The Bank of England committed a grave error by not being more assertive about issuing advisories about the imminent economic crisis that began in 2008, Bank of England Governor Mervyn King said during a radio address, according to Reuters.
His Wednesday address, the first peacetime talk of a BoE governor since 1939, noted that people should have been more strongly warned as the crisis was arriving.
"With the benefit of hindsight, we should have shouted from the rooftops that a system had been built in which banks were too important to fail, that banks had grown too quickly and borrowed too much, and that so-called 'light-touch' regulation hadn't prevented any of this," King said.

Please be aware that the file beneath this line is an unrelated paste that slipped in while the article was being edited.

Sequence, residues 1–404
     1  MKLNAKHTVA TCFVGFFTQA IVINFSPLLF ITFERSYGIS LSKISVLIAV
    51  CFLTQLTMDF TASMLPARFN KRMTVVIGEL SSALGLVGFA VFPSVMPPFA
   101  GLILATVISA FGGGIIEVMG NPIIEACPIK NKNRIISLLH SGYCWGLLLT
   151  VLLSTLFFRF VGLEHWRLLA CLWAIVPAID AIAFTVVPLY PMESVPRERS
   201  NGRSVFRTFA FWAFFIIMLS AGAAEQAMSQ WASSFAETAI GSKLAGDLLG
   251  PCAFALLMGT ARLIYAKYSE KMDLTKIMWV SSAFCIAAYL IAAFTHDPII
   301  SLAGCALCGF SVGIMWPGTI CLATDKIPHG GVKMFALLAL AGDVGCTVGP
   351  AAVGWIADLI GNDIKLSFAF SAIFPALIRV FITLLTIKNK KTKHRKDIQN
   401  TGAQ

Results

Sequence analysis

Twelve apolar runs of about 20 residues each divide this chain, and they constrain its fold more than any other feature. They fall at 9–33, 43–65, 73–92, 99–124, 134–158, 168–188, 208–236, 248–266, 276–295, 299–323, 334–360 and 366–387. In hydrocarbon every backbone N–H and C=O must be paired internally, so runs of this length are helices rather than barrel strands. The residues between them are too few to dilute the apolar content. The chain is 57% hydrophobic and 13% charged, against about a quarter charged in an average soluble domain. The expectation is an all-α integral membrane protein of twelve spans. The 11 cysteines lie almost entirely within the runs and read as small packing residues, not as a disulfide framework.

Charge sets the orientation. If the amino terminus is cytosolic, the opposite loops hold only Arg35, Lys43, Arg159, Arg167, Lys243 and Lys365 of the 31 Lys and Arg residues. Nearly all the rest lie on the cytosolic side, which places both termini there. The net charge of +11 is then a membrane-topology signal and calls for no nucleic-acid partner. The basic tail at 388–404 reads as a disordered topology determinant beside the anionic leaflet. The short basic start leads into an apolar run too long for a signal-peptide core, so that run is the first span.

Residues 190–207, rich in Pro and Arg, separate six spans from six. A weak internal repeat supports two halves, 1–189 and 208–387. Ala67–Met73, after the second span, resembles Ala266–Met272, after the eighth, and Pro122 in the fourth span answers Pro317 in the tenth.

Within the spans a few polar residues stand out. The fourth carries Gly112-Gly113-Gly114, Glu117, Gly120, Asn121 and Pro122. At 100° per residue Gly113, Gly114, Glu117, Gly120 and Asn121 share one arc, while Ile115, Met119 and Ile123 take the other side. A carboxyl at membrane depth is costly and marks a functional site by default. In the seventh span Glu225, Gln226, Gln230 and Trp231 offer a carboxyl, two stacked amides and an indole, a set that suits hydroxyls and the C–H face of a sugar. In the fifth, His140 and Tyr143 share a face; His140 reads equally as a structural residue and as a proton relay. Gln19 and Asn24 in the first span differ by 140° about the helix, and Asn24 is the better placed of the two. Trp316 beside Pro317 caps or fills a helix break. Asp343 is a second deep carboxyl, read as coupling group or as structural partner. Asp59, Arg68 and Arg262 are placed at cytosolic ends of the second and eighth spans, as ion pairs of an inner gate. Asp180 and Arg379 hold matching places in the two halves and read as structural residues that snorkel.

King, who will leave in a bit more than 12 months, said the BoE has not had jurisdiction over regulatory issues since 1997. But it will shortly after he leaves.
Bloomberg reports he and the eight additional members of the Monetary Policy Committee are facing a May 10 deadline to decide whether to continue or stop monetary easing, which thus far has seen the equivalent of $529 billion in asset purchasing.